In the 1960s, the Coast Guard had plans to replace the Fresnel lens in the Mukilteo Lighthouse with a modern, rotating, aero-beacon, but the Mukilteo community protested vehemently, and the lens stayed in the tower. Ironically, the Mukilteo Historical Society later acquired another Fresnel lens to put on display in the lighthouse museum, a fourth-order bulls-eye lens, salvaged from the former Desdemona Sands Lighthouse near Astoria at the mouth of the Colombia River.
Historical and Historic
On October 21, 1977, the Mukilteo Light Station was officially designated as an historic place by the Washington State Advisory Council on Historic Preservation and listed on the Washington Heritage Register (listing No. EO 01). This same year, the lighthouse was also placed on the National Register of Historic Places (listing No. 77001360), maintained by the National Park Service.
Between 1939 and 1979, the Coast Guard had at least three men stationed at the Mukilteo Light Station, who stood 24-hour watches to aid mariners in distress and keep the lighthouse operating. The station’s compliment was reduced to a single caretaker when the lighthouse was automated.
Automating Light and Sound
In July 1979, the Coast Guard automated the lighthouse and fog signal. Charles Milene, who served from 1979 to 1982, was the first caretaker of the automated lighthouse. The hand-ground Fresnel lens uses photoelectric cells to turn the light on in the morning and off at night. The lens, known as a beehive or barrel design, is a fixed light. There are no flash panels installed on the lens and it doesn’t turn, instead the light flashes on and off. A 1000-watt Halogen bulb is used in the Fresnel lens to produce a 27,000 candlepower beam. Sitting at a height of 33 feet, the beacon’s characteristic is a two-second white flash every five seconds, and is visible for 14 miles. In the event of a power failure, a battery-powered light, located on the outside of the tower, flashes white every 6 seconds. An electric Coast Guard 1000 fog horn, constructed on the waterside near the tower, is activated by an automatic sensor which detects moisture in the air, sounding one three-second blast every 30 seconds. The light and fog signal are maintained by the Coast Guard’s Aid-to-Navigation Branch located at Pier 36 in Seattle.
The exterior of the Mukilteo Light Station remains almost the same as when it was built in 1905. The Coast Guard renovated all the buildings in 1972 and the lighthouse was restored to its original appearance in 1987. The lighthouse, fog signal building, and station keeper’s houses are painted the traditional white with green trim and red roofs, providing visual daytime landmarks to mariners.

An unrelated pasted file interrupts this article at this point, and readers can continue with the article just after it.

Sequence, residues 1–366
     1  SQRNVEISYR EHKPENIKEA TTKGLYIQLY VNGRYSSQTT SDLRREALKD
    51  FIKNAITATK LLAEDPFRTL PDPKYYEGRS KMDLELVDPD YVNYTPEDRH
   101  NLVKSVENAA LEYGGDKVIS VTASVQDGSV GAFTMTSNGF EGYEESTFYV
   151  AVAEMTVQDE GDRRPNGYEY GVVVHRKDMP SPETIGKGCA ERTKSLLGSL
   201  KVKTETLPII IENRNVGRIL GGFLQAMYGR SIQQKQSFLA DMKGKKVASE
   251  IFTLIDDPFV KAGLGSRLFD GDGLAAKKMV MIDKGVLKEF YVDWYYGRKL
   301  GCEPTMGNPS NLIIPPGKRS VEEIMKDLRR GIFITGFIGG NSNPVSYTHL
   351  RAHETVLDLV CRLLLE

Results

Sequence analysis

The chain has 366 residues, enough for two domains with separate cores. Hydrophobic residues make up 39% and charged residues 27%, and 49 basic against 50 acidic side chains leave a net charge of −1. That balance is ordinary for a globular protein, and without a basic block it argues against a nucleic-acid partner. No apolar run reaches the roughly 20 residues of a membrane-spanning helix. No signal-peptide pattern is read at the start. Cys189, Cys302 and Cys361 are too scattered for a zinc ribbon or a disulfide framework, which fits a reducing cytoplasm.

The last Coast Guard caretaker was Boatswain Mate Kurtis Bentz, who was stationed at the Mukilteo Light Station from 1986 to 1990, when the station was closed. The Coast Guard offered the City of Mukilteo a free long-term lease of the lighthouse for the recreation and enjoyment of the public and gave permission to use it as a museum. In October 1991, the lease agreement was finalized and the City of Mukilteo gained possession of the lighthouse until May 31, 1996. The Mukilteo Historical Society, a nonprofit organization, volunteered to conduct tours, and become the informal caretakers of the facility. The Coast Guard retained possession of the two keepers dwellings to house personnel until 1996, at which time the lighthouse and entire station was leased to the city for another five years.
In October 1998, Representative Jack Metcalf (1927-2007), R-Washington, introduced a bill in Congress that permanently transferred ownership of the entire Mukilteo Light Station from the Coast Guard to the City of Mukilteo. The transfer was officially completed in the spring of 2001.
Mukilteo's Lighthouse Park
In early 2002, the Washington State Parks and Recreation Commission, faced with a budget shortfall of $2.9 million, offered to give the 18-acre Mukilteo State Park, adjacent to the light station property, to the City of Mukilteo. On November 4, 2002, the City Council passed a resolution to accept transfer of the popular beach front park, which included $449,000 the state had appropriated for maintenance and renovations.
In January 2003, after some debate, the City Council voted unanimously to rename it “Mukilteo Lighthouse Park.” On February 4, 2003, Governor Gary Locke deeded the park to Mukilteo and sent the title to the Snohomish County Auditor for filing. Washington State Parks and Recreation Commission officially transferred ownership and management of the park to the City of Mukilteo on March 26, 2003.
On February 17, 2004, the Mukilteo City Council approved plans to spend approximately $6 million redeveloping the new Mukilteo Lighthouse Park, which is almost entirely covered by an asphalt parking lot. The plans include building a visitors center, playground and pedestrian pier, restoring over a quarter mile of beach front, creating a system of walking paths, installing shelters, rest rooms, picnic tables and fire pits, and replacing most of the asphalt with grass. But the park’s centerpiece and main attraction will always be its unique Victorian style lighthouse.